One of the greatest traps for the unwarry is how Section 877(a)(2)(C) can cause even the most economically modest person to become a “covered expatriate” with the adverse tax and reporting requirements that follow.

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One of the greatest traps for the unwary is how Section 877(a)(2)(C) can cause even the most economically modest person to become a “covered expatriate” with the adverse tax and reporting requirements that follow.

All individuals should have a clear understanding about how this specific code section can affect their personal taxes and the future taxes of any future gifts or bequests/inheritances to U.S. beneficiaries.  All U.S. citizen or U.S. resident children, grandchildren and friends and family of the “expatriate” who fall into this “Section 877(a)(2)(C) trap”  will likely be subject to the 40% tax on “covered gifts” or “covered bequests.”  This can come as a real surprise years after the “renouncing” citizenship or “abandoning” lawful permanent residence status.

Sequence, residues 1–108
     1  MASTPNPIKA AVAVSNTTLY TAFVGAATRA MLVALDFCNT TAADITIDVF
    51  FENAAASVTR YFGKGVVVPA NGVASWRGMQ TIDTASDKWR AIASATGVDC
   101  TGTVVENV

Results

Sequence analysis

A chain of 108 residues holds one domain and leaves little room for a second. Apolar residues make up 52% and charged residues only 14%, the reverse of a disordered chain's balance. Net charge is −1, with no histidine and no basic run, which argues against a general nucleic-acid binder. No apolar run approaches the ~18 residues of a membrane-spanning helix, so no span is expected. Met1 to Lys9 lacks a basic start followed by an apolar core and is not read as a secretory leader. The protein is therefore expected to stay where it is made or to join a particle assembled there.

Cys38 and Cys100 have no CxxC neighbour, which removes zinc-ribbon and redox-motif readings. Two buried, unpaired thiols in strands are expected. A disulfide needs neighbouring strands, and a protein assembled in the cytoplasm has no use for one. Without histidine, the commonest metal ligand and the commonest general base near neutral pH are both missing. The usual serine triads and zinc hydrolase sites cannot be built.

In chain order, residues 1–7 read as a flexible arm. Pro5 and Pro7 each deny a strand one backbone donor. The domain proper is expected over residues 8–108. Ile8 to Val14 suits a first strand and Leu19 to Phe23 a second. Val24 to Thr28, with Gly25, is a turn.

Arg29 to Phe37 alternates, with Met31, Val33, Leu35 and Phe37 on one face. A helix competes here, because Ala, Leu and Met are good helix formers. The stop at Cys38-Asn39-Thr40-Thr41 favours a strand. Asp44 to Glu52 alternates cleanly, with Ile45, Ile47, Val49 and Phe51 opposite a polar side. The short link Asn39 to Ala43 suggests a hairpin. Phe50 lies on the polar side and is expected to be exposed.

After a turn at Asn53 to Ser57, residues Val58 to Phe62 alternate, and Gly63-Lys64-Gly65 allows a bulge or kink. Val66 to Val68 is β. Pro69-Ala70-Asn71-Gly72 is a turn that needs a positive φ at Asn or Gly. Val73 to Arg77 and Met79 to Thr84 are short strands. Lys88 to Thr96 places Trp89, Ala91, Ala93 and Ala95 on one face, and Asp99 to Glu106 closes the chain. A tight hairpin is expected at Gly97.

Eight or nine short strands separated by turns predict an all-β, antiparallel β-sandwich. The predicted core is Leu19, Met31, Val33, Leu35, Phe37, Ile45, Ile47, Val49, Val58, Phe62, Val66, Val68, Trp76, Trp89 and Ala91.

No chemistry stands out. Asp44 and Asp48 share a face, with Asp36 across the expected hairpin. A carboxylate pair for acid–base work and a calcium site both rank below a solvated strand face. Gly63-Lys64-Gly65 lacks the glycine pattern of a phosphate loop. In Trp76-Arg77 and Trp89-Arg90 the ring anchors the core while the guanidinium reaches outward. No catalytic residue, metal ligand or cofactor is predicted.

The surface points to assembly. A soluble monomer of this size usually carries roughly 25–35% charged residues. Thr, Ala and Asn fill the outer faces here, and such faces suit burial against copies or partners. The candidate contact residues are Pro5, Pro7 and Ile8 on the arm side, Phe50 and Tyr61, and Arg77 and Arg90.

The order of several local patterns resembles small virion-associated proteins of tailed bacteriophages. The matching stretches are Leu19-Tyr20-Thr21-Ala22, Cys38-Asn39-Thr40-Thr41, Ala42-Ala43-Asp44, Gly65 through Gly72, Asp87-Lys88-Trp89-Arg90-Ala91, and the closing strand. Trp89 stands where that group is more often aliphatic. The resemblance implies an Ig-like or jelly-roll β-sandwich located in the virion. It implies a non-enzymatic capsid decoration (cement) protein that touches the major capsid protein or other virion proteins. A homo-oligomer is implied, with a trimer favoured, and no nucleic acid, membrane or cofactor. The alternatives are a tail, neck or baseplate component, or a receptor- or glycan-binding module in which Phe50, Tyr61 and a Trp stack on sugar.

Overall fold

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Should IRS use Department of Homeland Security to Track Taxpayers Overseas Re: Civil (not Criminal) Tax Matters? The IRS works with Department of Homeland Security with TECs Database to Track Movement of Taxpayers

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The Department of Homeland Security (DHS) uses the TECS  database, which was originally managed and created by the Treasury Department as the  Treasury Enforcement Communications System.  This database allows the U.S. federal government to track the movement of people, funds and various transactions.  It is now being used by the IRS to feed taxpayer data to the TECS as described in the IRS Internal Revenue Manual –

http://www.irs.gov/irm/part9/irm_09-004-002.html

9.4.2.4.1      (08-09-2004) Treasury Enforcement and Communication System